While both the popular press and the scholarly and policy-related literature have focused on the role of those who fought (child soldiers and adult combatants alike), Stewart and Amman’s Black Man’s Grave takes on a much-neglected aspect of the war, the experience of men who avoided recruitment into either government or rebel forces, yet who struggled to maintain themselves and their families through the long years of disruption. Stewart and Amman served as Peace Corps Volunteers in the same town in Sierra Leone in 1968-1970 and 1979-1982, respectively. Though their stints in service were separated in time, they came to know many of the same people, familiar figures in any rural African community: school administrators and teachers, local businessmen, farmers—and family members to all of them. When war ravaged the northern town of Fadugu, causing it to be abandoned and resettled multiple times over the years, many inhabitants reached out through letters to American and European friends, as people all over the region were doing. Stewart and Amman have skillfully integrated excerpts from letters they received with an historical narrative of the war drawn from published sources. The result is an account of the conflict from the point of view of ordinary heroes; teachers who keep showing up for work after years with no paycheck, traders who risk their lives and livelihoods trying to keep small towns supplied with necessities, and local chiefs who, after years of doing what the central government tells them, finally find the courage to stand up to power.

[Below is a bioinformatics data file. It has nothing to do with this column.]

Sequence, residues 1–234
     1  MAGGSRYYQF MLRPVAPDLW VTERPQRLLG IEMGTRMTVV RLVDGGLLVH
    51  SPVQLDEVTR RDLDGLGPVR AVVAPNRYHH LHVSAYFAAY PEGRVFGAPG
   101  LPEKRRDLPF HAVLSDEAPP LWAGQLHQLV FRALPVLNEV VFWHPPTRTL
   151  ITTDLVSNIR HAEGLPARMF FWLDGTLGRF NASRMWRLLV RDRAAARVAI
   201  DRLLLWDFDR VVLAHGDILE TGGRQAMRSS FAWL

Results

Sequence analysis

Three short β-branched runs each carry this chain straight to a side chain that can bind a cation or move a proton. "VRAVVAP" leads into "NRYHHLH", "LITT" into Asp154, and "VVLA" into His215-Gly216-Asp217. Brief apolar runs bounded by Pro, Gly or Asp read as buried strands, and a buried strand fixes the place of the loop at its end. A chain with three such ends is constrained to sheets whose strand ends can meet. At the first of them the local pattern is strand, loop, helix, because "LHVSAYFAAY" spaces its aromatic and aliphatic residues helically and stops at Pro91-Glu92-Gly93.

Stewart and Amman do a fine job of tracing the story of Sierra Leone’s trajectory from post-independence optimism to deep cynicism and disillusionment with “big man” politics. The global context of the diamond trade is also covered in enough detail to help students make sense out of other representations (such as Hollywood’s version) and to make it clear that the disaster that struck Sierra Leone was not all of its own making. In many ways, Black Man’s Grave shares with Michael Jackson’s In Sierra Leone (2004) the strategy of telling the history of a country through the long-term personal relationships between the authors and some of its citizens—an effective device for drawing in readers, one that could be used in a compelling way in the classroom. Black Man’s Grave is, in some ways, a more appropriate choice for teaching than A Long Way Gone, and not only because it includes the standard academic apparatus of a bibliography and index. While not as beautifully written as Beah’s memoir, and not hitting the “sweet spot” of fascination with child solders, the lives documented in Black Man’s Grave are equally compelling and representative of the wartime experience, if not quite so dramatic. While it is unlikely that the authors or their Sierra Leonean correspondents will be offered a US book tour sponsored by Starbucks, as Beah has, their stories also deserve to be told.

Professor Mary H. Moran

Colgate University

Hamilton, NY

 

Make a Free Website with Yola.